National reporting of deaths after enhanced Ebola surveillance in Sierra Leone

Mohamed F. Jalloh, Reinhard Kaiser, Mariam Diop, Amara Jambai, John T. Redd, Rebecca E. Bunnell, Evelyn Castle, Charles Alpren, Sara Hersey, Anna Mia Ekström, Helena Nordenstedt, Michael R. Holbrook
2020 PLoS Neglected Tropical Diseases  
Sierra Leone experienced the largest documented epidemic of Ebola Virus Disease in 2014-2015. The government implemented a national tollfree telephone line (1-1-7) for public reporting of illness and deaths to improve the detection of Ebola cases. Reporting of deaths declined substantially after the epidemic ended. To inform routine mortality surveillance, we aimed to describe the trends in deaths reported to the 1-1-7 system and to quantify people's motivations to continue reporting deaths
more » ... eporting deaths after the epidemic. First, we described the monthly trends in the number of deaths reported to the 1-1-7 system between September 2014 and September 2019. Second, we conducted a telephone survey in April 2017 with a national sample of individuals who reported a death to the 1-1-7 system between December 2016 and April 2017. We described the reported deaths and used ordered logistic regression modeling to examine the potential drivers of reporting motivations. Analysis of the number of deaths reported to the 1-1-7 system showed that 12% of the expected deaths were captured in 2017 compared to approximately 34% in 2016 and over 100% in 2015. We interviewed 1,291 death reporters in the survey. Family members reported 56% of the deaths. Nearly every respondent (94%) expressed that they wanted the 1-1-7 system to continue. The most common motivation to report was to obey the government's mandate (82%). Respondents felt more motivated to report if the decedent exhibited Ebola-like symptoms (adjusted odds ratio 2.3; 95% confidence interval 1.8-2.9). Motivation to report deaths that resembled Ebola in the post-outbreak setting may have been influenced by knowledge and experiences from the prolonged epidemic. Transitioning the system to a routine mortality surveillance tool may require a robust social mobilization component to match the high reporting levels during the epidemic, which exceeded more than 100% of expected deaths in 2015.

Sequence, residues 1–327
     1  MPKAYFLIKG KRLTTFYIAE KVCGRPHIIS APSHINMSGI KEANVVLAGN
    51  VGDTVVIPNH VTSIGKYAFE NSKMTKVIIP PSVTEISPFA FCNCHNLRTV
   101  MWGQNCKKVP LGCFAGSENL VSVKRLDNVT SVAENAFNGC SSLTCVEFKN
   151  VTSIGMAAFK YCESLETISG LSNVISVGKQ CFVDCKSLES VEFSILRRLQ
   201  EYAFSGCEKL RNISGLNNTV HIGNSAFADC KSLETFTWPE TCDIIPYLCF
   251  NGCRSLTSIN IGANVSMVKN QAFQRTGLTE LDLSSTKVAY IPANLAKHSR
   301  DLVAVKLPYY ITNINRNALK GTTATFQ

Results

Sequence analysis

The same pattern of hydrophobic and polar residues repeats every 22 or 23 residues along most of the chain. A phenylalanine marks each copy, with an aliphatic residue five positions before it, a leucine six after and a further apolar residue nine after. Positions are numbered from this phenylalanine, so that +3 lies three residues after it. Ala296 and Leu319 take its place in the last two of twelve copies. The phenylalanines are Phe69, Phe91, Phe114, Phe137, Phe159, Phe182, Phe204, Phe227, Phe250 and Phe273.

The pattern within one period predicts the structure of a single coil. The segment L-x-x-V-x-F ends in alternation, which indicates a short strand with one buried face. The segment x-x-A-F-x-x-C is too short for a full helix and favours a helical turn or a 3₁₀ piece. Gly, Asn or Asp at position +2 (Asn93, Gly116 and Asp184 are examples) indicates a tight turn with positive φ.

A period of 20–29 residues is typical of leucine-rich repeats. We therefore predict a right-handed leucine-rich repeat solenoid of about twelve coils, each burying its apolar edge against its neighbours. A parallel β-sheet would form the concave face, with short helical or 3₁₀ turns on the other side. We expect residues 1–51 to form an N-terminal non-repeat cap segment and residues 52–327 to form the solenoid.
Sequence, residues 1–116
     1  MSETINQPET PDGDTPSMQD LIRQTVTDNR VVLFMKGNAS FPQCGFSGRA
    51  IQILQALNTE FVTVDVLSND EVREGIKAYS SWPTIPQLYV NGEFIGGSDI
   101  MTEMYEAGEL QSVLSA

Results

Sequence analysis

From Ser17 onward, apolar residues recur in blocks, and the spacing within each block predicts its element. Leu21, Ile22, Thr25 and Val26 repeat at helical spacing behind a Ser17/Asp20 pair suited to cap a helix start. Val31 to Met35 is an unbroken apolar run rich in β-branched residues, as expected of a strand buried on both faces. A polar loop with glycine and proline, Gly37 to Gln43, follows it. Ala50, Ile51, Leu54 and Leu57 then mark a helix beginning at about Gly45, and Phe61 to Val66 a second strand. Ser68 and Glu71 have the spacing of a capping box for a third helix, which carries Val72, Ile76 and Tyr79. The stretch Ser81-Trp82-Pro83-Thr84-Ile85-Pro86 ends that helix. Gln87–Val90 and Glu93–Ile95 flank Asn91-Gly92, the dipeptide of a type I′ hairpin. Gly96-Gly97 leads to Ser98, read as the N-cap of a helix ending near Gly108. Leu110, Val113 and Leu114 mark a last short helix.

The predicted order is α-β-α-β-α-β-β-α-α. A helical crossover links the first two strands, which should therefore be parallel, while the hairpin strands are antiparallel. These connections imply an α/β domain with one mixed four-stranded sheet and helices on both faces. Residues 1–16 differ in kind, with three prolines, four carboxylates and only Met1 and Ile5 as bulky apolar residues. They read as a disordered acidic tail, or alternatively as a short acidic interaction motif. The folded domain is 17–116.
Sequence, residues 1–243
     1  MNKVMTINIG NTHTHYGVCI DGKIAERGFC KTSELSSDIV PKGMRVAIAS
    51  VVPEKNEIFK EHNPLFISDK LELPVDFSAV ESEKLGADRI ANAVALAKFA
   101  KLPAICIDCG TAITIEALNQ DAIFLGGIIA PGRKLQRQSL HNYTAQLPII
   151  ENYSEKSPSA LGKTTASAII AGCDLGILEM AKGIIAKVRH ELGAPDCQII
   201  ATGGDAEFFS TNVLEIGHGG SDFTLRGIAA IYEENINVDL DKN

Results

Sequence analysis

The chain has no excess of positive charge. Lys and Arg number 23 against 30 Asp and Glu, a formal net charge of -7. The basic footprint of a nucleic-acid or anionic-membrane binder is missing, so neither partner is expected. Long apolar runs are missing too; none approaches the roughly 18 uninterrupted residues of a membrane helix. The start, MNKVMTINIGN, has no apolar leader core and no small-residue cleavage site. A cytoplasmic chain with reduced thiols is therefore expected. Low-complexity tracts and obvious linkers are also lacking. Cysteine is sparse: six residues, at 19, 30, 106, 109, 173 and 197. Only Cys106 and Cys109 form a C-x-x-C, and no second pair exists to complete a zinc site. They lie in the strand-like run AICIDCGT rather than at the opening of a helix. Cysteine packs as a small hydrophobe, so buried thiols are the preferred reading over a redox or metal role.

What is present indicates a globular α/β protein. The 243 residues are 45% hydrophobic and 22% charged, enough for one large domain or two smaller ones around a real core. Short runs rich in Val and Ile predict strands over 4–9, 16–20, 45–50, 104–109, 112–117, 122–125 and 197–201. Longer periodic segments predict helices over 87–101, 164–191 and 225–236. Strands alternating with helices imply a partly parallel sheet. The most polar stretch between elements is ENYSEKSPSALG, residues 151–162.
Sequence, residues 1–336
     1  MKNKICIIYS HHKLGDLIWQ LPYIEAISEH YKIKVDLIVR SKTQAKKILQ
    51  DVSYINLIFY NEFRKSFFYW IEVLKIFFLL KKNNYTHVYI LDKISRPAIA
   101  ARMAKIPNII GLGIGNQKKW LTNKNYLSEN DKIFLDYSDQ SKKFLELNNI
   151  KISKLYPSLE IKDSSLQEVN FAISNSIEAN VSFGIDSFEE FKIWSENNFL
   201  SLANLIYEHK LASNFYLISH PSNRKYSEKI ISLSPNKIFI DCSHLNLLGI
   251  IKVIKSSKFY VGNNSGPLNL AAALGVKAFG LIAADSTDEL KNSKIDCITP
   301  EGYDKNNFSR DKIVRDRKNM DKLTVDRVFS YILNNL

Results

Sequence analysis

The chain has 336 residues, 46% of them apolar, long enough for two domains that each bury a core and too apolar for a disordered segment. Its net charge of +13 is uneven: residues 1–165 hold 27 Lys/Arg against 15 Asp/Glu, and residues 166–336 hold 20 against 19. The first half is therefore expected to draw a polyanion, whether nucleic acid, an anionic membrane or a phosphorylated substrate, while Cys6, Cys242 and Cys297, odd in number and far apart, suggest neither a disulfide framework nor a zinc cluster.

doi:10.1371/journal.pntd.0008624 pmid:32810138 fatcat:mk722ipuljbf5chyx5dq3ufrpm